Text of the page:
I’ve recently gotten into tabletop RPGs, and as such I’ve been reading more GMing blogs. One thing I noticed is that a lot of GMing blogs are very eager to suggest that various tropes and character types have no place at the table.

Evil PCs. Chaotic neutral PCs. Mixed-alignment parties. Gnomes. Kender. Bards. Comic relief characters in general. Characters who are blatantly a ripoff of the player’s favorite book series. Player vs. player combat. Intraparty conflict in general. Sex and romance. Total party kills. Tomb of Horrors. Even, in some cases, homophobia, racism, and oppression.

Of course, when you list out all of the tropes that someone somewhere thinks should be banned from tabletop, you realize that that sharply limits the stories you can tell. Star Wars: Han’s chaotic neutral at the beginning, Han and Leia fall in love, the Empire is suspiciously fascist, and isn’t this all a little reminiscent of Kurosawa? Lord of the Rings: Boromir literally stabs another party member and Gollum is evil. You can’t even draw on your favorite D&D comics for inspiration: Order of the Stick has an evil party member, a bard, and themes of anti-goblin oppression.

And I think “all of this is banned” is actually extreme overkill for the problem that it’s trying to solve.

There are basically two issues that come up with these sort of problem tropes.

First, there are characters run by problem players. The comic relief character whose player is… just… not funny. The chaotic neutral character who’s as likely to jump off a bridge as cross it. The mentally ill character who randomly slaps people in the face with fish. The evil character played by someone who thinks “evil” means “Mason Verger without the subtlety.” The player whose oppressed minority character is played like an after-school special.

And, unfortunately, there are more serious problem players. The sexual harasser, for example. The player who brings out-of-character conflict into the game. The racist or homophobe who uses “I’m just playing my character” as an excuse for vile bigotry.

But I am concerned that a one-size-fits-all “ban the evil PCs and everything will be fine” approach is inappropriate. It unfairly punishes the non-problem players for what the problem players are doing. If I have an interesting idea for a thoughtful portrayal of a neurodivergent character, it is not fair to not let me play it just because that guy keeps slapping people in the face with fish. I have no control over whether he slaps people in the face with fish, if I could I would get him to stop, but whether some random other person can handle a neurodivergent character responsibly has no bearing on whether I can.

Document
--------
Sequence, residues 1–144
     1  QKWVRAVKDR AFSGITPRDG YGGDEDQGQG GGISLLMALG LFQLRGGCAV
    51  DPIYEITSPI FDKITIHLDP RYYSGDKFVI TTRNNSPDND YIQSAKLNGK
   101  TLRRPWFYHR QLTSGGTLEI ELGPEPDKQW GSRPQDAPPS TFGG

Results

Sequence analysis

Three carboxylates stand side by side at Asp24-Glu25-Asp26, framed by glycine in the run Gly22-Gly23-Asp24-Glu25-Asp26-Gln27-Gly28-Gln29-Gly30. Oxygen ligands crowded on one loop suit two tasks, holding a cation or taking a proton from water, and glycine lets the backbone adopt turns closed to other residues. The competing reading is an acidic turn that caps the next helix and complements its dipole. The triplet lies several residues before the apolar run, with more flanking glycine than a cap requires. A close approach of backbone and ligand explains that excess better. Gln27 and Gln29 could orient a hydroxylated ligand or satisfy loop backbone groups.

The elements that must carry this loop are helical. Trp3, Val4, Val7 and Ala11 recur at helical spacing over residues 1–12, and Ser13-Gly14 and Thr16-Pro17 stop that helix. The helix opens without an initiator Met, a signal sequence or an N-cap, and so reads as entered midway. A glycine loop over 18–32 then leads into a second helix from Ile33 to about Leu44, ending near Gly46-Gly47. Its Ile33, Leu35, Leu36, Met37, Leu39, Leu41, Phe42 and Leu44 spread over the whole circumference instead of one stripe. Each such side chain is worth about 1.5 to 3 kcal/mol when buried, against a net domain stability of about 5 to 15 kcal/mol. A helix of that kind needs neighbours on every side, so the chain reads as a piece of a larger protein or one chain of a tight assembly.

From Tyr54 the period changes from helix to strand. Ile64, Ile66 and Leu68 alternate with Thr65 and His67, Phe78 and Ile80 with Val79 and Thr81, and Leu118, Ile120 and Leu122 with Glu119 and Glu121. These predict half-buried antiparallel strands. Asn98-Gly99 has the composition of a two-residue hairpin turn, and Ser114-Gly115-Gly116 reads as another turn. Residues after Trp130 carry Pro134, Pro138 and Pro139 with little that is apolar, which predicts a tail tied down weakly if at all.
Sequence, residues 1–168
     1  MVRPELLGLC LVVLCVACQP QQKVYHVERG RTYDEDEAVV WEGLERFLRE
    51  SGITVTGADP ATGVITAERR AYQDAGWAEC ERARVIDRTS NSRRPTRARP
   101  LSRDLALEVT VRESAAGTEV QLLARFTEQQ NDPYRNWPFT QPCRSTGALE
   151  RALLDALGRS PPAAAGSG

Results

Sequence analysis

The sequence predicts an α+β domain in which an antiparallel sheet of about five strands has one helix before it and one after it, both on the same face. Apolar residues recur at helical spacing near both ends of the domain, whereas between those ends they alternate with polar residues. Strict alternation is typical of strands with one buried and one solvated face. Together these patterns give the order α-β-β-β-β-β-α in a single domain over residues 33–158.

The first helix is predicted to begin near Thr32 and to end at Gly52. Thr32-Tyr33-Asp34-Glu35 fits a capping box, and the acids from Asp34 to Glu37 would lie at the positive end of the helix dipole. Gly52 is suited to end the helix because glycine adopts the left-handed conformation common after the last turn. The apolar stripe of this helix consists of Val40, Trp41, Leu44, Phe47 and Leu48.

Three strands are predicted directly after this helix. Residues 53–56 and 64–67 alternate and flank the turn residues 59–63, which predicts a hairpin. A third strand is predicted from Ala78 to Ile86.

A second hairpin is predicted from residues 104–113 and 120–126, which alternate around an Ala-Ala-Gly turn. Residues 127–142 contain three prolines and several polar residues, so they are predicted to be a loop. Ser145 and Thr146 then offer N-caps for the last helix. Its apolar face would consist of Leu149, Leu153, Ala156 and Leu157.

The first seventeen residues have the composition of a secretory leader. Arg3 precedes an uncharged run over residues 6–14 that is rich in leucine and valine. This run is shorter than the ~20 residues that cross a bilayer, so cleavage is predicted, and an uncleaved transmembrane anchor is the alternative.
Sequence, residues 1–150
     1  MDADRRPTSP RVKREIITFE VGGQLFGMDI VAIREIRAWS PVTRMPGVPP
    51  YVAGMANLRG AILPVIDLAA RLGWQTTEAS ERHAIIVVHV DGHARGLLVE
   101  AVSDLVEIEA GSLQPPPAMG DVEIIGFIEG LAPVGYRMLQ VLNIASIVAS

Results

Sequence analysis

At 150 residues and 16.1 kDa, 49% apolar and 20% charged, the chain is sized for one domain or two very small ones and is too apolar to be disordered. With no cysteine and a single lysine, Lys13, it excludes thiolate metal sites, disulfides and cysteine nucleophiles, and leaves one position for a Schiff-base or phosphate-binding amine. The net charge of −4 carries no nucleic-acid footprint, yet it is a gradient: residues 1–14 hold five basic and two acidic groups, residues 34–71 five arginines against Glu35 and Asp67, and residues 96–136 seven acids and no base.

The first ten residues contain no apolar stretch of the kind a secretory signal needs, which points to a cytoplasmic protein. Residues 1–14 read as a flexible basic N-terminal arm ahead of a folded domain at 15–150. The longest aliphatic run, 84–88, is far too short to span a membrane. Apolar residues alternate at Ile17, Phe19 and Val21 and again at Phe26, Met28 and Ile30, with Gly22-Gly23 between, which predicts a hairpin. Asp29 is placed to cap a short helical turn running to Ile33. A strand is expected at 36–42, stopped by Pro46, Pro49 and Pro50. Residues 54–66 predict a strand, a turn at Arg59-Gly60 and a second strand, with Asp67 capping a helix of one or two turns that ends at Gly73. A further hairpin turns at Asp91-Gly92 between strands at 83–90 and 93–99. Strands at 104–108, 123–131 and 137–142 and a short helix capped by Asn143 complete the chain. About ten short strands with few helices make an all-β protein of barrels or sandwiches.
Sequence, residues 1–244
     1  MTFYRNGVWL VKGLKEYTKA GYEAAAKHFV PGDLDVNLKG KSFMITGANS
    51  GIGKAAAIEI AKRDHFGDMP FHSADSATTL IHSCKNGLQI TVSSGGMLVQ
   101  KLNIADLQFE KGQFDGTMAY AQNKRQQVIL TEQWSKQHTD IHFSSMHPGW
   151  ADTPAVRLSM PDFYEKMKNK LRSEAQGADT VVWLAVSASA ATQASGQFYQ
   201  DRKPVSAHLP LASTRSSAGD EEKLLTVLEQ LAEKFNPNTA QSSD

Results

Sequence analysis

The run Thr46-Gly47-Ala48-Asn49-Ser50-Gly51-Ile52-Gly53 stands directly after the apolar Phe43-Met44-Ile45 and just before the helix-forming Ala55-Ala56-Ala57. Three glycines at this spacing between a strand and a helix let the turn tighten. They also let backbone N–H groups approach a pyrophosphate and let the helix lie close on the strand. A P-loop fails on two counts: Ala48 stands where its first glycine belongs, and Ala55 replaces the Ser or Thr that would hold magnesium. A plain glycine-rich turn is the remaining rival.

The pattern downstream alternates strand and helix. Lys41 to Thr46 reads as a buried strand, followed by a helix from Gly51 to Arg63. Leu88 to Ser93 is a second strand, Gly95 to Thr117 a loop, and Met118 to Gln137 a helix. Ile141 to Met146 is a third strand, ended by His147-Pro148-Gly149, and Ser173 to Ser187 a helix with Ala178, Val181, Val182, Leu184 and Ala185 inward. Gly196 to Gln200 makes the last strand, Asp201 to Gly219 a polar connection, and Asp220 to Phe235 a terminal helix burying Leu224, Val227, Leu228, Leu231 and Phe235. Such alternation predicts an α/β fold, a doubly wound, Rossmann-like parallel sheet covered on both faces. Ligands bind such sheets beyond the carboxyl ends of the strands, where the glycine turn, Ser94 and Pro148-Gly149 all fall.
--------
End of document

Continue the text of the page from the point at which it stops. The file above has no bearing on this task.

Of course, in some situations like pick-up play with strangers, you’re not going to have a better option for dealing with problem players than the blunt instrument of banning tropes and characters that tend to create problems. But when you’re playing with friends, often you can have an open conversation with the player. Think about their track record with similar characters in the past. Ask them questions about how they intend to play the character. Listen to their description. Bring up your concerns. It’s usually pretty easy to tell apart someone who has thought through why their Lawful Evil character would go on heroic adventures from someone who thinks “evil” means “steals things from party members for no reason.” If you still have concerns, you can approve the character provisionally (making it clear to the player that you will replace the character if there are problems) or play through a one shot with the character.

I am also concerned that “ban the things problem players misuse” often winds up a Band-Aid solution for deeper problems. Sometimes players act out to express boredom or dissatisfaction with the game: for example, a lolrandom chaotic neutral character who shoots the king in the head might be the player’s way of expressing frustration that they are being carried from plot hook to plot hook and they don’t feel like they get to make meaningful choices within the game. If you simply ban chaotic neutral characters, you’re going to miss that the player isn’t having a good time.

More seriously, some problem players can’t be fixed by banning the things they use to make trouble. Think about the serious problem players I listed above: do you really think the homophobe is going to stop being homophobic if you declare that your game world treats gay and straight couples the same? That the sexual harasser is going to stop sexually harassing people if you ban romance? That the person who brings out-of-character conflict into the game is going to magically stop doing that if you say you can’t attack other party members?

Look, I’ve been there too. It’s easy to think that your serious problem player will be fine if you create enough rules about their behavior– especially if they’re a talented writer or a close friend or otherwise someone you really want in your game. But it doesn’t work. If someone is a serious problem player, they do not belong in your game. This is a matter of basic emotional safety and comfort for everyone at the table.

I’ve been mostly writing about this from the GM side, but I think problem GMs are actually a more serious concern. Banning sex/romance, oppression, and total party kills (for example) are often all attempts to control the behavior of a problem GM: one who sexually harasses their players, has an offensively inaccurate understanding of how racism works, or views tabletop as a competitive game they win by making their players suffer.